In a competitive match in my early golf days, my opponent commented right before I hit my shot, “That sure is a narrow opening up there between those traps.” Fortunately, I put it on the green in spite of her jab. Not sure why it is so, but women players can be pretty wicked to beginners.
When I decided to take lessons and improve my golf game, I made a specific plan to get my game into shape. I loved to practice. Being at the chipping green at the end of the day and honing my shots was heaven on earth to me. The women at my club pretty much thought it was odd that I actually practiced more than I played.
My life was busy chasing my two toddlers around and holding down a part time teaching position. I had very few five-hour windows of time to get eighteen holes in. Practice sessions became my juiciest golf experiences. I loved the feeling of holing out a sand shot. Chipping into the hole on two consecutive shots rocked my world.
My favorite putting drill is still putting five balls around the hole at three to four feet and making all of them or starting over. I can remember when the only way I could make this drill successful was to place the balls eighteen inches from the hole. The results? Even now when I don’t play as much as I used to, I am still deadly from four feet in!
The biggest and most painful surprise in those days was how the women at my club reacted to me. While my scores were still in the low hundreds, there was not much cheerleading going on. The women who were more experienced, read scoring in the low 80’s, belonged to a pretty tight clique that was hard to penetrate.
Once when I was in a match, I had forgotten to load my pockets with tees and ball markers. When I asked my competitor if I could borrow a coin, she said no. I had to take an embarrassing trip back to my cart to retrieve a marker and then proceeded to lose the hole.
Not all of the women were so difficult to get along with. Thank goodness. I was used to men sneering at me as I approached the tee and then proceeded to dribble a thirty-yard shot into the rough. There are a few real jerks out there–one even peed next to his cart with me just yards away. Come on, guys.
I think it was my practice ethic and my inner knowledge of the game that gained me the respect of the men who encouraged me early on. I still enjoy healthy respect from male playing partners. I also am committed to helping women feel comfortable as they take up the wonderful game of golf.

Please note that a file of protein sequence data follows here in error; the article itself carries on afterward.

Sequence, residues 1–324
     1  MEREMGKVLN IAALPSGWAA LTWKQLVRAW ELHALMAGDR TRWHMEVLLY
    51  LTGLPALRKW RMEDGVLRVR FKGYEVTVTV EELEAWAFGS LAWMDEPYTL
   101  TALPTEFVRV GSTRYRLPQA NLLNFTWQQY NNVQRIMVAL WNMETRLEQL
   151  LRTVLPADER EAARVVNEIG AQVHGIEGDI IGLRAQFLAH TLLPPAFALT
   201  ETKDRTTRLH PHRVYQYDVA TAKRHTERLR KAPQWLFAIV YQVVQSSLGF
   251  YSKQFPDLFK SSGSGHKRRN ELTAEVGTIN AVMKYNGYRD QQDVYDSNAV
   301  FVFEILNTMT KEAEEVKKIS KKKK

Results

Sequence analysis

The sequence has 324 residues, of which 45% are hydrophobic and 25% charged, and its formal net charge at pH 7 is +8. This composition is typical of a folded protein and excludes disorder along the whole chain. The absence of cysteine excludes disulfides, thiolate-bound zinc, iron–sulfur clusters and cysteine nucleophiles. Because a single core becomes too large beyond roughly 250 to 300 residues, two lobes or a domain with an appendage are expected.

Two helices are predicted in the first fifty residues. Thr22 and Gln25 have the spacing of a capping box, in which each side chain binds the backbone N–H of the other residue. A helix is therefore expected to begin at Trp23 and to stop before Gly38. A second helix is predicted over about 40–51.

If you have been treated rudely in golf … PLEASE don’t let that stop you from enjoying the game. Sure there are a few turkeys out there…hens and toms, but there are the nicest people ever playing golf and you can hook up with them more easily than you think.
Here are five steps to getting the most out of your golfing experience:
1. Take Lessons: Simple but true. This is the fastest way to not only get the respect of the golfers you work and play with, it is also the only way to really enjoy the game. I once played with a gal who claimed not to care as she whiffed more than a third of the time. Hard for me to believe that. Golf is a bit counter intuitive and a good pro can short cut your learning and make it a lot of fun for you. If cost is an issue, find a couple of friends to take lessons with you. Most pros will gladly teach a mini group if you ask and this brings the price down for all of you!
2. Practice: While it is true that hitting buckets of balls can be a little boring, there are ways to make it more fun. Once again, meeting a friend at the range for a little practice and then lunch is probably less expensive than a shopping tip or a movie. Shared interest in the game will pay off for you later when you are ready to go to the course. Again, the expense of range balls is not an excuse. Putting and chipping you can do for free….just bring your own balls. Nothing will get you respected quicker in this game than having a stellar short game.
3. Find a league in your area: From Craig’s List to Meetup.com to WomenonCourse.com and in the local happenings section of your newspaper, you can easily find groups of people to practice and play with. I met my sweetie by joining the San Diego Single Golfers Association. Once you have some basic skills, take a deep breath and get out there!
4. Chart your progress: “I don’t like to keep score!” I hear that a lot and I can’t blame people. If you are scoring in the 70s … for nine, it isn’t so fun to count. I developed my own scoring technique when I was learning. I actually counted up the good shots I had on each nine. Sometimes it would only be 6. Yikes. As I improved, the good shot score grew higher and higher. I created graphs and charted my progress. The visual was inspiring for me and I loved seeing the improvement. Later when I counted score conventionally, I could track as my score dropped from the 50’s for nine to the 30’s.
5. Create a Personal Scoring System: When you are beginning, you must be realistic with your scoring expectations. I always recommend that beginners start their golf date by changing the score card to suit their game. Straight away I have them cross out all of the par fives and make them par sevens, the par fours become par sixes and the par threes become par fives. That way, in your own scoring system, you have many par and birdie opportunities throughout your round. Amazing how your score will drop with this simple adjustment!